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L. Spiro

New SEGA Genesis Game!

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http://www.bbc.com/news/av/technology-43001916/new-sega-mega-drive-game-made-on-90s-kit
What are you waiting for, Nintendo to make one?

I thought I would share this fun little project not just because it is neat but because he was one of my main coworkers when I lived in the UK.  The place where he is doing the interview is the National Videogame Arcade where I played Super Smash Bros. for Wii U every Wednesday, so watching this brings back memories.  Now I want to move back!

He had mentioned this project a few times but I had never seen anything until now.  It looks fun not just to play but to make.  It really makes me wish I could have worked on some very retro games.  I mean, it looks like a pain in the ass, but the fun kind of pain in the ass that feels very rewarding at the end, especially to have it on a real cartridge.

Who else would like to see more of this kind of thing?  Or even be part of this kind of thing?


L. Spiro

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Retro games are awesome because they have a lot of content in them but some of the new games are cool too.

Some examples would be Sonic Mania - has a lot of shine and is fun. I also like Mario Maker as well because there are a lot of puzzle levels.

Edited by francoisdiy

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I ventured into programming the Megadrive( using C ), but turned to ZX Spectrum programming instead, using Z88DK.  The Megadrive has seen some nifty games over the last few years - most notable is Watermelon's Pier Solar - which is bloody incredible - and an upcoming Streets-of-Rage style beat-em-up.

I think using the Megacd dev kit is hardcore as it comes, but developing for older machines demands a lot of programming skill, and what we take for granted today was a holy grail for programmers back in the day.  Assembly is very hard to learn - let alone use efficiently - and Matt seems to have done that very well.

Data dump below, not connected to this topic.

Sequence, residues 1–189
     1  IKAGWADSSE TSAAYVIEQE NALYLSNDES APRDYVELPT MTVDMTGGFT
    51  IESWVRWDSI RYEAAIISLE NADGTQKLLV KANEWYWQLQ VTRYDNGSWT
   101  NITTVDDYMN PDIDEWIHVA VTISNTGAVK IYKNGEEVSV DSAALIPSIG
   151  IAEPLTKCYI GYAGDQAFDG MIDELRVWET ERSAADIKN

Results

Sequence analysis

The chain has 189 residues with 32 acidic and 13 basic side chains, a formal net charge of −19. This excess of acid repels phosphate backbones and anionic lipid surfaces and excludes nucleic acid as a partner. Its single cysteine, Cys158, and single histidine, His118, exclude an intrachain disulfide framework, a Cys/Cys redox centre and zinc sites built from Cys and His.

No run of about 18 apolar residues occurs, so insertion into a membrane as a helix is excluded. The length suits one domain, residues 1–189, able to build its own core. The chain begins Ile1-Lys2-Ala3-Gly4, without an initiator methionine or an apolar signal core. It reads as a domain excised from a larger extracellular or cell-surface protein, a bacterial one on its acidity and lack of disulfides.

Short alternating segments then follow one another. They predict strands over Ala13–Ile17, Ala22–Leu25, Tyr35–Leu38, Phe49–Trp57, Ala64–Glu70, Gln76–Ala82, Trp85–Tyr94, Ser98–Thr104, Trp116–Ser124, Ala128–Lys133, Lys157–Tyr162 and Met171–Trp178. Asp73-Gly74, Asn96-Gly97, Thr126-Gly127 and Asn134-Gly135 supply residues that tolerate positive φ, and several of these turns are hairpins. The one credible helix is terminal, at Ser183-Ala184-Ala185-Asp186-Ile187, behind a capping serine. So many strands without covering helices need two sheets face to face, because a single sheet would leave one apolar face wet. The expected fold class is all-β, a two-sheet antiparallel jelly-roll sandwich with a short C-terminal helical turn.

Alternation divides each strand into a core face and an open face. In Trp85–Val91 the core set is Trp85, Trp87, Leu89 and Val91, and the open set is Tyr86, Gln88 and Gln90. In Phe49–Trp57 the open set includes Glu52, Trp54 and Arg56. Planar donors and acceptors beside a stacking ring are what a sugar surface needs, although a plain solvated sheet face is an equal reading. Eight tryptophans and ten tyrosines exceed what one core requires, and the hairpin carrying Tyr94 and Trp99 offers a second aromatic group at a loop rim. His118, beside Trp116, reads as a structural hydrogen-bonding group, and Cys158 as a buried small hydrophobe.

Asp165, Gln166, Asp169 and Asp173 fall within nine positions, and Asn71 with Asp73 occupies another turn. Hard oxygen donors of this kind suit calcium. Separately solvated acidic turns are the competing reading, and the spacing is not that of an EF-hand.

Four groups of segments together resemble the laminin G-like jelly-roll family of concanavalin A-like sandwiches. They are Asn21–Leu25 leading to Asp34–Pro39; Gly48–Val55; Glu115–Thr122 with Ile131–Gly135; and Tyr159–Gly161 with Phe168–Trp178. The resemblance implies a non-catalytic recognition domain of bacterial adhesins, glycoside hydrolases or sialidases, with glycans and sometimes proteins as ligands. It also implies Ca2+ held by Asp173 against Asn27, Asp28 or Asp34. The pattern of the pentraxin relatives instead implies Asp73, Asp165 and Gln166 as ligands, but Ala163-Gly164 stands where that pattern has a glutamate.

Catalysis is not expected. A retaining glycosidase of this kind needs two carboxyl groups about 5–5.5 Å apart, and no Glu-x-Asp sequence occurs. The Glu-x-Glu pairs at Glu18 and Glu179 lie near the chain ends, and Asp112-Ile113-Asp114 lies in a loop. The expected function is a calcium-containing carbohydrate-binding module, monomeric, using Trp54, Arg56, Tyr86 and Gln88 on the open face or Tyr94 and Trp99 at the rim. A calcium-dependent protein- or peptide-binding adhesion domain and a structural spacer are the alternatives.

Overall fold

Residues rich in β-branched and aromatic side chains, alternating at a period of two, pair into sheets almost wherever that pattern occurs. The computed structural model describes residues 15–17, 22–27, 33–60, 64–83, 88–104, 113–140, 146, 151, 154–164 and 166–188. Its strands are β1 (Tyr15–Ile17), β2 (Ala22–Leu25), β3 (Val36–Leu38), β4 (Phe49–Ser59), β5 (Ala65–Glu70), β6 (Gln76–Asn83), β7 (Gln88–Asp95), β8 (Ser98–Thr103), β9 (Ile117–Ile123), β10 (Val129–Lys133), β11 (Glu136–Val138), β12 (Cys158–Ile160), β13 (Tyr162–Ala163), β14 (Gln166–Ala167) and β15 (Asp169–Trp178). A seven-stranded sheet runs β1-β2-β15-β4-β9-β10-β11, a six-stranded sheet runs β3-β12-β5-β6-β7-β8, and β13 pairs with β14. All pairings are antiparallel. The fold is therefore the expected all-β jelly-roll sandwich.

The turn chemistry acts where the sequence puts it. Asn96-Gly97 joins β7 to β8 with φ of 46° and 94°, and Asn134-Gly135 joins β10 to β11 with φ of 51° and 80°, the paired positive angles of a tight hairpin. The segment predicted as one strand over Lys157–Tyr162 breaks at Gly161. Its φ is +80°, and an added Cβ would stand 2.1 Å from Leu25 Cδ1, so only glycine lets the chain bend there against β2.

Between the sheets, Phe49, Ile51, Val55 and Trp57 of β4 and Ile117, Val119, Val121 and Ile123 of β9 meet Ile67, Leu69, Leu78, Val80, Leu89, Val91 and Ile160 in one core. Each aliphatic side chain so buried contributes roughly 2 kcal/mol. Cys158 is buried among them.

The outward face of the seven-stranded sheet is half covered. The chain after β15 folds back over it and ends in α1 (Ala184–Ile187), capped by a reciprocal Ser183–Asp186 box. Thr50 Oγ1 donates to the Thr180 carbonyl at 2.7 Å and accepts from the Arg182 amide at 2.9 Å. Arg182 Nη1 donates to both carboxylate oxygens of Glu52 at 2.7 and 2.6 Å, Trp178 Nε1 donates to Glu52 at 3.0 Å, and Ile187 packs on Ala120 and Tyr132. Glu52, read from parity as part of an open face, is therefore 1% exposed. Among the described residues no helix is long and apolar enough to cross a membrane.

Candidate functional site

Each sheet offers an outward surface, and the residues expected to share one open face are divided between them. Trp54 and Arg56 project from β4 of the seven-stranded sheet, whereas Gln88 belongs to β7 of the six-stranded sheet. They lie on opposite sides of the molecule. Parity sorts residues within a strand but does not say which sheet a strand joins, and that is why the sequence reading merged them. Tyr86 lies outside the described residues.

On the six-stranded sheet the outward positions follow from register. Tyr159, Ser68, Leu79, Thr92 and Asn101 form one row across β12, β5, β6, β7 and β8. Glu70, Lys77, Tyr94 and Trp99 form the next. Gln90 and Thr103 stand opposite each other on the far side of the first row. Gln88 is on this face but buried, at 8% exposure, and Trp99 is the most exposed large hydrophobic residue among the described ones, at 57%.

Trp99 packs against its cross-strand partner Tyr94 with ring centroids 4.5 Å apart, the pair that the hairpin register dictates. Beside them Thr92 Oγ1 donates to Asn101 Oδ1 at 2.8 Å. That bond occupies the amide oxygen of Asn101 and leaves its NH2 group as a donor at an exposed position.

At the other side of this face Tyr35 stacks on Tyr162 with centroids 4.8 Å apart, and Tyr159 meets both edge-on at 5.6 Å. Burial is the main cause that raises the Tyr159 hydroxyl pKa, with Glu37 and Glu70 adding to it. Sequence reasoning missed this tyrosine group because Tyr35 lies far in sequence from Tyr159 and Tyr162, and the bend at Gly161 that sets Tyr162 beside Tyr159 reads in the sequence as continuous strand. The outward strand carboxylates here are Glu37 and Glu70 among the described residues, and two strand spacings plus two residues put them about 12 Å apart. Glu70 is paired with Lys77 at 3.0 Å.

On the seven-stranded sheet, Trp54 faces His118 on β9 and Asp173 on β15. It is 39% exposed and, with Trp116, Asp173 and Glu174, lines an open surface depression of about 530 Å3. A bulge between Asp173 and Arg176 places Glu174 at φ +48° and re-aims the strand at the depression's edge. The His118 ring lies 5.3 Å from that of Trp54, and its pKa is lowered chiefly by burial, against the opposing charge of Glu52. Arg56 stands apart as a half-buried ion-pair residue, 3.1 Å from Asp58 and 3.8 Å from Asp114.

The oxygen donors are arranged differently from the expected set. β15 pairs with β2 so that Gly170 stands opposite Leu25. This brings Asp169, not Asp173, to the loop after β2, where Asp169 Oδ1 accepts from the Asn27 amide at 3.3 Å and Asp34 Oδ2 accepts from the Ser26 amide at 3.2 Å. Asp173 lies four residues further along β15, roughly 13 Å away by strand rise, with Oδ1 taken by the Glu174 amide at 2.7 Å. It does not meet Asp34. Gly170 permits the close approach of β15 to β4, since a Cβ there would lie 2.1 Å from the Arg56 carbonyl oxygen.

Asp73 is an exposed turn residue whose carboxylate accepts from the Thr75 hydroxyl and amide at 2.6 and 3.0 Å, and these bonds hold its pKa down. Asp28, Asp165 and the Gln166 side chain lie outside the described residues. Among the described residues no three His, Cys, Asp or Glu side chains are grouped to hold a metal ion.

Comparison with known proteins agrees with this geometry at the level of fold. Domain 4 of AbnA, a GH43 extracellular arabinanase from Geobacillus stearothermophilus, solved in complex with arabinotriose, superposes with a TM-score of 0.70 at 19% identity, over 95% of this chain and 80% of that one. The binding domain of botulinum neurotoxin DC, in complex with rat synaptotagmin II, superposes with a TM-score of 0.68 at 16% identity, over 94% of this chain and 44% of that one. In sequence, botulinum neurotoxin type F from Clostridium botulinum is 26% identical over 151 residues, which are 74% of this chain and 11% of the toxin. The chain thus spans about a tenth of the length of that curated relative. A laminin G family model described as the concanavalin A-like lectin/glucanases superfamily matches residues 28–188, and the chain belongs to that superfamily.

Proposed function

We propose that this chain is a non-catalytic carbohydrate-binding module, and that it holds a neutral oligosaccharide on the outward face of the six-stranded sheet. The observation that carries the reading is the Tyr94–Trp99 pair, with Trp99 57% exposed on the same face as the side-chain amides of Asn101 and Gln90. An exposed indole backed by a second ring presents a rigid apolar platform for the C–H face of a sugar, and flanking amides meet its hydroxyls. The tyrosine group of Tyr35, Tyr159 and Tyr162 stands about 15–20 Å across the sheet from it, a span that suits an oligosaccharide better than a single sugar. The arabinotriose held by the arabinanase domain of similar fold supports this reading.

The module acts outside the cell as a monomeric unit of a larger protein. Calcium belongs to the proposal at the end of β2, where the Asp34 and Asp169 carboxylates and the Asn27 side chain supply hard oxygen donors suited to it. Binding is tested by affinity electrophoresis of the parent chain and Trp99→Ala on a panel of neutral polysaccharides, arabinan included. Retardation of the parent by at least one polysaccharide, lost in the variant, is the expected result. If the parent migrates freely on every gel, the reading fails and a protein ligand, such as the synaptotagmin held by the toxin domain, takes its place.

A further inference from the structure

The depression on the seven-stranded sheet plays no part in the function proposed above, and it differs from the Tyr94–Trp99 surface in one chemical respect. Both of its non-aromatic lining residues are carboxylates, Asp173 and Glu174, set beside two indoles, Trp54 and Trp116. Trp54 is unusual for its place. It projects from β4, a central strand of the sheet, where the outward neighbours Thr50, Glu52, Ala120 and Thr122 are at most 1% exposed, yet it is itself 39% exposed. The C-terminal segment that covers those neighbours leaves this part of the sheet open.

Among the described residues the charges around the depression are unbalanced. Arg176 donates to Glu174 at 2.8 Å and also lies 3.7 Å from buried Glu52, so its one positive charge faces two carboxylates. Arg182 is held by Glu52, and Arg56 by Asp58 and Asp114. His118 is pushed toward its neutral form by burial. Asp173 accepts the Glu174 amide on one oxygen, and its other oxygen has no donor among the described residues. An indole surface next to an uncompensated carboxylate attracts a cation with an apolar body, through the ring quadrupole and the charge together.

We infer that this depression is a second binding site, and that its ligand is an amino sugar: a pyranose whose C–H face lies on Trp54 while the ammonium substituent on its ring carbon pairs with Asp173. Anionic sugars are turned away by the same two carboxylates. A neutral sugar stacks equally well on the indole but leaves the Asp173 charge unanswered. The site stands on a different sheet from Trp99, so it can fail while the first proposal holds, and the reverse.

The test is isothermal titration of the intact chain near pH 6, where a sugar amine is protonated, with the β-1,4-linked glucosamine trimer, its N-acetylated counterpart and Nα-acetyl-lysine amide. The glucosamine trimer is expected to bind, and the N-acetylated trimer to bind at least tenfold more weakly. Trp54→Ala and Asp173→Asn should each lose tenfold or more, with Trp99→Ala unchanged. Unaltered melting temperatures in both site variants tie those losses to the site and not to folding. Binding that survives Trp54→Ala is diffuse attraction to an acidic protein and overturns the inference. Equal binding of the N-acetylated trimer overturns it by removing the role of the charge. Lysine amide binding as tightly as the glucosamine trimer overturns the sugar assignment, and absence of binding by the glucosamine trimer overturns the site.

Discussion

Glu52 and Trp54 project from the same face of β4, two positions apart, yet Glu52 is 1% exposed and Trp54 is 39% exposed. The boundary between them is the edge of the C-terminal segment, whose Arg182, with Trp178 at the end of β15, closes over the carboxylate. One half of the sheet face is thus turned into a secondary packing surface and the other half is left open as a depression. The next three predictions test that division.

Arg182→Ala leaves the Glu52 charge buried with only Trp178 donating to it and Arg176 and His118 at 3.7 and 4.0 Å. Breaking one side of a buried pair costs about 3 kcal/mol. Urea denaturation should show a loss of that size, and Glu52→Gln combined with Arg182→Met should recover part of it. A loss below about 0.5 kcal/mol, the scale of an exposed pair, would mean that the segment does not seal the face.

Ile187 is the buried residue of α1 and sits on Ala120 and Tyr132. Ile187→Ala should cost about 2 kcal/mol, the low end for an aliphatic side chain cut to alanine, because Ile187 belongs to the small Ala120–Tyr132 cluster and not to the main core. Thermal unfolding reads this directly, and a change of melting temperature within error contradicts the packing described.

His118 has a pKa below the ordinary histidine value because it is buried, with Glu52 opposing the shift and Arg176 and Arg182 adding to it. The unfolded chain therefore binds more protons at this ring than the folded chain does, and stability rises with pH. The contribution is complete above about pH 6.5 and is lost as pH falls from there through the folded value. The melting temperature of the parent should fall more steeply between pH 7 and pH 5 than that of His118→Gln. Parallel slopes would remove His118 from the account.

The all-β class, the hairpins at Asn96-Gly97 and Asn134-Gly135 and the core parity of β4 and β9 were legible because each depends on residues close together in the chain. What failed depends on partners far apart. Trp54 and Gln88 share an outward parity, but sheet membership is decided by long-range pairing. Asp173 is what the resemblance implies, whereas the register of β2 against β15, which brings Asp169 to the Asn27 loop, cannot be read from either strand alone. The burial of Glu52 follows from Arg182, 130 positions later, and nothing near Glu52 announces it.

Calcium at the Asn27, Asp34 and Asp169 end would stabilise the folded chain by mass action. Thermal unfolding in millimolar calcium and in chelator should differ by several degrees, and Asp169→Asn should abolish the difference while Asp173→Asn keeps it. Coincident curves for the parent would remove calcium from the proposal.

Being able to use C helps a lot when developing for classic machines.

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I've recently done a little bit of programming on the SEGA Genesis myself, and it's definitely an interesting experience. It's possible to do a lot of really interesting graphical effects even by cleverly abusing the video hardware. I've managed to make a little raycasting demo including (one) texture, and when I get the time I really want to turn it into a full game.

Some of the most technically impressive things I've seen are in The Adventures of Batman and Robin, Toy Story, and Hard Drivin. I don't have links but they most impressive scenes are pretty easy to find on Youtube.

 

On 3/5/2018 at 4:06 PM, Anri said:

I think using the Megacd dev kit is hardcore as it comes, but developing for older machines demands a lot of programming skill, and what we take for granted today was a holy grail for programmers back in the day. 

I've been mildly interested in the SEGA CD myself, but I can attest that it seems so needlessly difficult compared to the basic console that I've never seriously looked into it. I also feel like the extra processing power is "cheating" a bit in terms of making 3D (or 3D-ish) graphics so it's not really a huge draw for me anyway. The only "retro" console I can think of that might be even more difficult is the SEGA Saturn, which seems utterly incomprehensible to me.

And yeah, it's super interesting to compare developing on this to using modern hardware. On one hand, the lack of dynamic memory allocation, the inability to draw directly to the screen, limited color palates, etc. are not things we need to worry about about when programming on modern hardware. On the other hand, the separation between the general purpose CPU and more specialized but faster video hardware doesn't really feel fundamentally different from how things work now, even if the specifics are very far apart.

 

On 3/5/2018 at 4:06 PM, Anri said:

Being able to use C helps a lot when developing for classic machines.

Yes, this is very much true. There's a really nice library that I've used called SGDK. In addition to the functionality it provides, it happens to be written almost entirely in C as well, so it's not hard to modify and makes a good reference as well.

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19 hours ago, cowsarenotevil said:

 

Yes, this is very much true. There's a really nice library that I've used called SGDK. In addition to the functionality it provides, it happens to be written almost entirely in C as well, so it's not hard to modify and makes a good reference as well.

Yes, SGDK was the one I was using.  I was initially attempting to learn Assembly for the 68K but it was hard going to get an assembly set up let alone produce anything the megadrive could run.  With SGDK I managed to at least muck around with the layers - loads of red dot sprites, and some text and input from the controller.

Have you seen the Wolfenstein port?

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Cool.

One day when I retire I do plan to develop games and demo (as in demo scene) for DOS. Because it's one of my childhood dream that practically died. A database administrator now. But I understand why he did it.

DOSBox and Free Pascal are going to be my solution.  

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